HP Dinged By Greenpeace Over Enviro-Friendly PCs

Greenpeace defaced the roof of HP's headquarters, protesting use of toxic materials; HP says all its new commercial PCs will be free of brominated flame retardants and PVCs by fall 2010.

Antone Gonsalves, Contributor

July 29, 2009

2 Min Read

Greenpeace protesters climbed to the roof of HP's headquarters on Tuesday and fingerprinted the words "hazardous products" in graffiti which covered more than 11,500 square feet. The protest followed demonstrations against HP at its offices in China and Holland.

For its part, HP said that it will introduce its first laptops free of BFRs and PVC in September, and that all its new commercial PCs will free of the toxic materials by fall 2010. (BFRs are Brominated flame retardants; PVC is Polyvinyl chloride.)

"The unconstructive antics at HP's headquarters today did nothing to advance the goals that all who care about the environment share," HP added, in a statement e-mailed to InformationWeek.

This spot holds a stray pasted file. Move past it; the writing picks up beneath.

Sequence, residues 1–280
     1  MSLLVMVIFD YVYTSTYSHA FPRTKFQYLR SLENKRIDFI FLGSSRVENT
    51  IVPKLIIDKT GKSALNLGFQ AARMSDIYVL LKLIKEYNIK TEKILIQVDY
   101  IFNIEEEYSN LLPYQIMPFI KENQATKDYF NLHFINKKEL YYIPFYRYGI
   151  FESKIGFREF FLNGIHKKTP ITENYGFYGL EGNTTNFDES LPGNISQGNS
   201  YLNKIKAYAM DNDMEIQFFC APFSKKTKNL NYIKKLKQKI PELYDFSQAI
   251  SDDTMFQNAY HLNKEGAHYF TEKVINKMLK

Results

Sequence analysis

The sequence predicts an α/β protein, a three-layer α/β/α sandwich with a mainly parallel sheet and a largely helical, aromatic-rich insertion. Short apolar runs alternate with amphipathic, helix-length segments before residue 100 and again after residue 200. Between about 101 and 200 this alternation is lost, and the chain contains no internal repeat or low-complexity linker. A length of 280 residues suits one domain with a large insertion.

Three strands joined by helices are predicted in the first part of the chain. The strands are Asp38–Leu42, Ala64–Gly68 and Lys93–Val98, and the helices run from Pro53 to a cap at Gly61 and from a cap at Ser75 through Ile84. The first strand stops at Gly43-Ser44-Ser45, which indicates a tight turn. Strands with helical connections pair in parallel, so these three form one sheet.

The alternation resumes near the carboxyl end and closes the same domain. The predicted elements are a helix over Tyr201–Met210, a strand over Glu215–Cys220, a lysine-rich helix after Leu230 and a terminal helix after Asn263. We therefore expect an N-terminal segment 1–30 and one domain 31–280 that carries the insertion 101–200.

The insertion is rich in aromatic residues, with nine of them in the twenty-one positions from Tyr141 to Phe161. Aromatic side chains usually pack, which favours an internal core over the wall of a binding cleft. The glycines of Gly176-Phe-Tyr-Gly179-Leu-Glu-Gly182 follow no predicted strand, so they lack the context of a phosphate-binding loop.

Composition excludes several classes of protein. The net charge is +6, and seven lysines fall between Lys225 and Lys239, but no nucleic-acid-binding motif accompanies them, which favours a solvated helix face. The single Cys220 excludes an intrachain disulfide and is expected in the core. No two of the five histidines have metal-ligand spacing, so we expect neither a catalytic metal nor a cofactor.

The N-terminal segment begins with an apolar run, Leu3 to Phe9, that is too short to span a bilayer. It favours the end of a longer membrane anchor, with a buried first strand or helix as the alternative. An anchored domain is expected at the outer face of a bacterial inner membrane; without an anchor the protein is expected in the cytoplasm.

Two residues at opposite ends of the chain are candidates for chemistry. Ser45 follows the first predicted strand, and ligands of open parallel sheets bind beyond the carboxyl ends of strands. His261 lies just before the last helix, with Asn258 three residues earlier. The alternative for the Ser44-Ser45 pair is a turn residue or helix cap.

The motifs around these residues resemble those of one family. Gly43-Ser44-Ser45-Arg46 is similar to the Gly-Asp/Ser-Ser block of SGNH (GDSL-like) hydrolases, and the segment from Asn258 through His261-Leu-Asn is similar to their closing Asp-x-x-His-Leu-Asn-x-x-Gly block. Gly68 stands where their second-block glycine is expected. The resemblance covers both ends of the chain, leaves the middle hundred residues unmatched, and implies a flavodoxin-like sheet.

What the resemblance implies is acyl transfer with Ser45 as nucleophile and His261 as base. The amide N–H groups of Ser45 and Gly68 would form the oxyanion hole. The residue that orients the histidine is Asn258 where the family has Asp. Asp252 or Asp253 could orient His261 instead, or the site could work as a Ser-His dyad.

Greenpeace is unhappy about continued use of PVC and BFRs. "Instead of making progress on phasing out toxic chemicals from their products, HP continues making excuses," Greenpeace said in a statement. "They are backtracking on their commitment to eliminate PVC plastic and brominated flame retardants from their products by the end of 2009."

According to Greenpeace, HP had pushed back the target date until 2011. (HP's latest e-mail, noted above, says the date is now fall 2010.) The company made the original commitment in 2007, excluding HP's server and printer lines.

In arguing that HP could stop using the toxic chemicals sooner, Greenpeace pointed to Apple, which has introduced computer lines free of PVC plastic and BFRs. HP is currently second to last on the quarterly Greenpeace Guide to Greener Electronics, rated lower than rivals Dell, Lenovo and Acer.

As governments increase environmental protections, computer makers have used their "green" records as a marketing tool and proof that they are doing their part. Therefore, criticism from well-known environmental groups like Greenpeace is perceived as potentially damaging to a company's image.

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